Amy Robach, Michael Strahan, Robin Roberts, George Stephanopoulos, Ginger Zee, Lara Spencer, Good Morning America

Heidi Gutman/ABC via Getty Images

Sometimes, looks just aren't that deceiving.

All is quiet on the New York front as Michael Strahan approaches the five-month mark from when he first joined Good Morning America as a full-time member of the anchor team—and that's gotta feel good, not just for Strahan, who left his previous job with a bit of a cloud over his head, but also for the execs who bet that the NFL Hall of Famer would be a welcome addition to ABC's flagship morning show.

Not that it was a blind gamble. Strahan had been contributing to GMA as a substitute anchor and correspondent since 2012, when he was also picked to be Kelly Ripa's new permanent co-host on Livea gig that seemed to be going along swimmingly until, all of a sudden one day last April, it wasn't anymore.

But the otherwise innocuous plan that triggered that big mess was for Strahan to join GMA permanently—which he did, officially, on Sept. 6, 2016.

Since then, the morning show wars that so consumed us for the first half of 2016 have dissipated. Ripa's on fire over at Live as she continues to consider possible co-host replacements and simultaneously prove daily that Live With Kelly is what the people are tuning in to see. And Strahan is settling in comfortably at the most-watched show on morning TV—though just by a scant 104,000 viewers last week over NBC's Today, according to TV Newser.

Any sort of tension or clashing of egos that controversy junkies may have been hoping for has failed to materialize. The rumor was floated last summer, before he even got there, that longtime co-anchor Lara Spencer was mad because Strahan would be infringing on her promised spot at the table—but a source insisted to E! News that she and Michael were "very close friends" and talk of hard feelings just wasn't true.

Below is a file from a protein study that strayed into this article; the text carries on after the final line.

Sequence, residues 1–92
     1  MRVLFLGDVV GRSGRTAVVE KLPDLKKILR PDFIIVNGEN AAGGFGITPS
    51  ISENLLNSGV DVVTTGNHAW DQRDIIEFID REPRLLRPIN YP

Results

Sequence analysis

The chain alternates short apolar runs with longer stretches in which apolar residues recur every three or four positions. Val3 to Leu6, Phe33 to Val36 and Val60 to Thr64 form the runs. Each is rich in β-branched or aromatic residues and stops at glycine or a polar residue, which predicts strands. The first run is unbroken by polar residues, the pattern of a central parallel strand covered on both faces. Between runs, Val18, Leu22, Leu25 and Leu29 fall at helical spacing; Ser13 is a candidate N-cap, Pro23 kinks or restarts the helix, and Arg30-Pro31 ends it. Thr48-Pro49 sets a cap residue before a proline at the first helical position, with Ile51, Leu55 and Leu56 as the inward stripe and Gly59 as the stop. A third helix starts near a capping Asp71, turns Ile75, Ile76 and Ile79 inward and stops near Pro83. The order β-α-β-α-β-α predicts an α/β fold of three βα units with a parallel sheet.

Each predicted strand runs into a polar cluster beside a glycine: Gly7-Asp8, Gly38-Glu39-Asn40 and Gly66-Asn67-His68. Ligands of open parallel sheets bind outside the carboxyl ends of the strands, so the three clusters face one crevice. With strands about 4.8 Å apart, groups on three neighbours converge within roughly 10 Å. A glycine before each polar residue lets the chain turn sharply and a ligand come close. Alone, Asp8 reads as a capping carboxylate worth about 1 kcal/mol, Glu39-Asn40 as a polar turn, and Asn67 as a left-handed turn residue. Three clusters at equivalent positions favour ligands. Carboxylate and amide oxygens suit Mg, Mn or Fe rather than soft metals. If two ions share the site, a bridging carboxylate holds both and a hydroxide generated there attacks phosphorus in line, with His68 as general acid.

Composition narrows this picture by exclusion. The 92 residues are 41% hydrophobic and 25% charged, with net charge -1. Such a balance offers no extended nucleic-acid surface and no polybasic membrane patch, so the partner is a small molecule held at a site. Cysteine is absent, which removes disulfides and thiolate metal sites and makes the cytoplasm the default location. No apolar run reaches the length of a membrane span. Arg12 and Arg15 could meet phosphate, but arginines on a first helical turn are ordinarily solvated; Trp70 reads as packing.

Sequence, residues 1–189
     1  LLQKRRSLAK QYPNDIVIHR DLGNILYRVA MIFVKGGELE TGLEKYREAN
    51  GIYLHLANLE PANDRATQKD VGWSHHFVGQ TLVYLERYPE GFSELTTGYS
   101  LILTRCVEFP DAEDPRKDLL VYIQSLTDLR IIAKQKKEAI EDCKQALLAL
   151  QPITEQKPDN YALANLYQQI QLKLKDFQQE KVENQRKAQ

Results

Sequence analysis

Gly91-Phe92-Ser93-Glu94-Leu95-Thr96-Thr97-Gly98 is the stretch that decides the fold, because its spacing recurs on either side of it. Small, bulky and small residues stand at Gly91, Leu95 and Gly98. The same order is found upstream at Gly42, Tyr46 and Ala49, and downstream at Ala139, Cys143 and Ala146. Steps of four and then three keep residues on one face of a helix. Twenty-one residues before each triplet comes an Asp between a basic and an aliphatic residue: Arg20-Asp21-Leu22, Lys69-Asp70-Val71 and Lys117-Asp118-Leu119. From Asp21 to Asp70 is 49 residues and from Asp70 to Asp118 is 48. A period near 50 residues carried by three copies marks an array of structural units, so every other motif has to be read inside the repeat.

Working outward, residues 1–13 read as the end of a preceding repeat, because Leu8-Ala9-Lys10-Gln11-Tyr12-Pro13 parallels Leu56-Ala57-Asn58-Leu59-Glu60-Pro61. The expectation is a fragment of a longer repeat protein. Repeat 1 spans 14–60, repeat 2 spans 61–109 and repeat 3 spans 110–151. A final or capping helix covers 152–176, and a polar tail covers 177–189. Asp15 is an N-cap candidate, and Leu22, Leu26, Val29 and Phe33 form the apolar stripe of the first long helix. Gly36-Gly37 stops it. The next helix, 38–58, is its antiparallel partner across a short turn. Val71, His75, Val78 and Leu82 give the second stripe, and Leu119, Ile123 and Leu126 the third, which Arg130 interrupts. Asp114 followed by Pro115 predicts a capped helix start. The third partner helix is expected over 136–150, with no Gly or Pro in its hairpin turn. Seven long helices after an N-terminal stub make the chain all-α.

Michael Strahan, Lara Spencer

John Lamparski/WireImage

Strahan was certainly given a warm welcome by GMA's core weekday morning team of Robin Roberts, George Stephanopoulos, Spencer, Amy Robach and Ginger Zee—and GMA seems to suit Strahan, who had been excited to do more one-on-one interviews and in-depth pieces on subjects that spoke to him.

Moreover, the show also introduced along with its new co-anchor last September a new set that allows the hosts to interact with a live audience for part of the broadcast—studio audience interaction being something Strahan obviously already excelled at.

"It's great," he told E! News at a benefit for the GOOD+ Foundation in October, after he'd been on the job for a little over a month. "I don't know if you ever adjust to getting up, waking up so early—I don't know if that's possible, but I enjoy going in there."

Michael Strahan, Viola Davis, Good Morning America

Paula Lobo/ABC via Getty Images

He added, "I look forward to being there. It's fun, because it's new, it's exciting, and I'm learning so much, and I work with great people."

"Talk about somebody who's the real deal," Roberts, whose opinion presumably carries considerable weight (or at least it should) when it comes to who gets to sit at the GMA table, told People when it was announced that Strahan was coming aboard. "He's pure talent," as well as a "gentleman."

Michael Strahan, Robin Roberts

Fred Lee/ABC via Getty Images

Fast-forward to today, and E! News is hearing that Roberts loves Strahan—and he loves her right back.